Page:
Reconciliation and Charlie Brown (A Christmas Post)
There was a time when you didn’t watch TV shows on your phone, whenever you wanted. There was a time when you didn’t watch them as a downloadable file on a laptop. There was a time when a laptop was a lap top. There was a time when you didn’t watch TV shows from a disc, or a tape (VHS or Beta!). A time when you actually had to sit through the commercials.
Now I don’t want to return to those days – I am all for being able to watch an obscure Swedish drama with French subtitles streaming on BBC Canada at 2:00 in the morning, or something like that.
But what I do miss is the once-a-year occurrences of families – or my childhood family, at least – gathering around the big old TV to watch a show, which would not be on again for another 12 months.
One show in particular, “A Charlie Brown Christmas.” It probably hasn’t been cool to reference Charlie Brown in several decades, if it ever was cool, but why should an abject absence of coolness stop me now!?
When it first aired in 1965, more than 45% of Americans who were watching TV at the time watched “A Charlie Brown Christmas.” Watch it again if you haven’t recently. You can, ironically, stream it or download it quite easily! It is charming and measured and amazingly prophetic, with sparse animation and the use of real children’s voices and Vince Guaraldi’s awesome jazz score. It is “innocently unencumbered and openly introspective,” one critic wrote, an extended fable about the interplay of culture and the Christmas story, where Sally actually asks Santa for cash.
At the heart of “A Charlie Brown Christmas” is the preparation of a Christmas play. Charlie Brown is an epic fail as director, and is banished to find a Christmas tree to redeem the performance. He and Linus go searching. He finds a scraggly little tree: “This little one seems to need a home.” (True for all of us!) Linus expresses his doubts, but they take it back to the play rehearsal where it meets immediate and utter derision. “What kind of tree is that? You’re hopeless, Charlie Brown, completely hopeless.”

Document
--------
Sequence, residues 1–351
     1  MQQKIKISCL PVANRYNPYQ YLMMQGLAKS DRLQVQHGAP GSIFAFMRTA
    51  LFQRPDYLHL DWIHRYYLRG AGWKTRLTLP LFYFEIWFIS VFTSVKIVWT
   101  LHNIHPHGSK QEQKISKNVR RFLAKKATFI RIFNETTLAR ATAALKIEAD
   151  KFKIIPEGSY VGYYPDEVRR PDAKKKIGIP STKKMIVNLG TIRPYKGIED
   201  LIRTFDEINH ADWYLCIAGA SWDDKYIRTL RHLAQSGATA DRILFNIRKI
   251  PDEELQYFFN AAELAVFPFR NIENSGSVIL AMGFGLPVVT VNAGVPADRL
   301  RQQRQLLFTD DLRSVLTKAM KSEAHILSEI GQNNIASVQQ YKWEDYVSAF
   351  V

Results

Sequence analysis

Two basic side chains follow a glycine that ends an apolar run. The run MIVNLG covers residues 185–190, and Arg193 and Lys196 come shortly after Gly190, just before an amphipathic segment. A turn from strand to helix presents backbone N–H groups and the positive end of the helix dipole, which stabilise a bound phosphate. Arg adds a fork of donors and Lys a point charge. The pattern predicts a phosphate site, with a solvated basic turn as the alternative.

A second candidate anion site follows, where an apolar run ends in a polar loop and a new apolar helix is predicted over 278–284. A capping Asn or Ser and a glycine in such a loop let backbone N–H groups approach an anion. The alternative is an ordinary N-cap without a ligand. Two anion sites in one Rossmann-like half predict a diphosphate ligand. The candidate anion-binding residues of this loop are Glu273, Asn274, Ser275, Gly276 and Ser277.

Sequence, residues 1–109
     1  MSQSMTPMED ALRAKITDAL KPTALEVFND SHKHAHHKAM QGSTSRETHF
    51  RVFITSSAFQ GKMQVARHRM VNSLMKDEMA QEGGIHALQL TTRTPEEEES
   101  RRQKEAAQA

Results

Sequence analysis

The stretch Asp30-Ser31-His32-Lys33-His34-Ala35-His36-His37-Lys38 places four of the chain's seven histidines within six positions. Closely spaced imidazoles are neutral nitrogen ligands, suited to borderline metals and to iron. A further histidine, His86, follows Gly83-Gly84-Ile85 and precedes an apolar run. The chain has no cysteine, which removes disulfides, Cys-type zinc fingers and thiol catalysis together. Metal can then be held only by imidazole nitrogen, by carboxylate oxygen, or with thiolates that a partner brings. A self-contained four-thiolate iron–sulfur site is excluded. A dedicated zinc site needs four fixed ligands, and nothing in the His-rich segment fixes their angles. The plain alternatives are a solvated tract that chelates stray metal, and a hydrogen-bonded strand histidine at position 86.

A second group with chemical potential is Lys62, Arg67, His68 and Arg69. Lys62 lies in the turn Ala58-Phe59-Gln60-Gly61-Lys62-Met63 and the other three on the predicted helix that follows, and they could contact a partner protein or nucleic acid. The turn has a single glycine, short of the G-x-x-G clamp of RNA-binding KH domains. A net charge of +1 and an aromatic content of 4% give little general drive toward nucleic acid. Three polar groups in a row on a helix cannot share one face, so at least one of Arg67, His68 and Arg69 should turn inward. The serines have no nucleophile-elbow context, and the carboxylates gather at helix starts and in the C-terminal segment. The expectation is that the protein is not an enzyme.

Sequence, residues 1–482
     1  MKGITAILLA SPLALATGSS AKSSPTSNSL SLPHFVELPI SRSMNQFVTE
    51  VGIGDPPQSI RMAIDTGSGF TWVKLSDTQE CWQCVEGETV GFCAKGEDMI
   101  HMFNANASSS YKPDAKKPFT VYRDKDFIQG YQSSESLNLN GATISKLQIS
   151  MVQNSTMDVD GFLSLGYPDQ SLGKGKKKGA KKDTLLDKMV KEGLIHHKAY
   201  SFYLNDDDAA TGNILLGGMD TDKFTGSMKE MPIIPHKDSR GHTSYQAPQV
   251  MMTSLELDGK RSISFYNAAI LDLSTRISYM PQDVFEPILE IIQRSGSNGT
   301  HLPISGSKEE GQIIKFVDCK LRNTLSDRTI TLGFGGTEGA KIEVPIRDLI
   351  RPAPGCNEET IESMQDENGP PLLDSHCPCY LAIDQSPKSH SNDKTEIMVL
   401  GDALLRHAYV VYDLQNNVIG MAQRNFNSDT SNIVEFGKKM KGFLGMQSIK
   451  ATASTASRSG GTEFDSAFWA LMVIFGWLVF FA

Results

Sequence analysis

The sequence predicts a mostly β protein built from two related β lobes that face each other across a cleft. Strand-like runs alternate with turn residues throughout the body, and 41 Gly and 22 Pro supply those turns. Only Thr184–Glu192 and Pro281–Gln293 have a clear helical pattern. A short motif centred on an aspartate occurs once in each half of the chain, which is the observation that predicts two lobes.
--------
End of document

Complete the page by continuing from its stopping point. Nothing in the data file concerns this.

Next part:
The ridicule works. “I guess I really don’t know what Christmas is all about,” Charlie Brown responds, dejected and defeated. Linus then delivers his soliloquy, simply telling the Christmas story, quoting the gospel of Luke, a controversial thing at the time. Linus concludes, famously: “That’s what Christmas is all about, Charlie Brown.”
Charlie Brown’s spirits are lifted, somewhat, and he takes his tree home to decorate it. He, again, fails, as the single red ornament causes the tree to topple. “Everything I touch gets ruined.”
He exits in discouragement. The friends show up and decorate the tree, transforming it. Linus: “It’s not bad at all, really. Maybe it just needs a little love.” (True for the tree…true for us) Another voice: “Charlie Brown is a blockhead, but he did get a nice tree.”
Then the group begins to hum, hum a traditional Christmas carol. Charlie Brown returns to the scene. He is braced to receive more scorn and ridicule. “What’s going on here?” He looks at the transformed tree, and is puzzled. “Merry Christmas, Charlie Brown,” they all shout out.
And then, turning their heads heavenward and singing in that weird Peanuts way, they add words to the tune they had previously been humming. “Hark! The herald angels sing. Glory to the newborn king. Peace on earth and mercy mild. God and sinners reconciled.”